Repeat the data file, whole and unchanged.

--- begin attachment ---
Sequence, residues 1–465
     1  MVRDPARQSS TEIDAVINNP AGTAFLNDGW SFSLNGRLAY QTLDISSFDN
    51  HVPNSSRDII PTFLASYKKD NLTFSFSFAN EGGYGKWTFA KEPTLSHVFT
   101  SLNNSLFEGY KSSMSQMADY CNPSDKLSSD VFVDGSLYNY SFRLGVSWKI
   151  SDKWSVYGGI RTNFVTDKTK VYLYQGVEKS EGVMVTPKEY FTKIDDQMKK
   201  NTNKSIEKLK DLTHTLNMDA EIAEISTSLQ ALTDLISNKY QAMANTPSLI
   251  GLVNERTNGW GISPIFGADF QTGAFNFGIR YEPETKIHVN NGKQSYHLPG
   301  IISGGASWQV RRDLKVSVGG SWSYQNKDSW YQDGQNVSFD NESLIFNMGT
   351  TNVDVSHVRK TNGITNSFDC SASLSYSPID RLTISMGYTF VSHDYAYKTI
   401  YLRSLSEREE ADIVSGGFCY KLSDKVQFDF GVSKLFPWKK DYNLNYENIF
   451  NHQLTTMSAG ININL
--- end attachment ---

Sequence, residues 1–465
     1  MVRDPARQSS TEIDAVINNP AGTAFLNDGW SFSLNGRLAY QTLDISSFDN
    51  HVPNSSRDII PTFLASYKKD NLTFSFSFAN EGGYGKWTFA KEPTLSHVFT
   101  SLNNSLFEGY KSSMSQMADY CNPSDKLSSD VFVDGSLYNY SFRLGVSWKI
   151  SDKWSVYGGI RTNFVTDKTK VYLYQGVEKS EGVMVTPKEY FTKIDDQMKK
   201  NTNKSIEKLK DLTHTLNMDA EIAEISTSLQ ALTDLISNKY QAMANTPSLI
   251  GLVNERTNGW GISPIFGADF QTGAFNFGIR YEPETKIHVN NGKQSYHLPG
   301  IISGGASWQV RRDLKVSVGG SWSYQNKDSW YQDGQNVSFD NESLIFNMGT
   351  TNVDVSHVRK TNGITNSFDC SASLSYSPID RLTISMGYTF VSHDYAYKTI
   401  YLRSLSEREE ADIVSGGFCY KLSDKVQFDF GVSKLFPWKK DYNLNYENIF
   451  NHQLTTMSAG ININL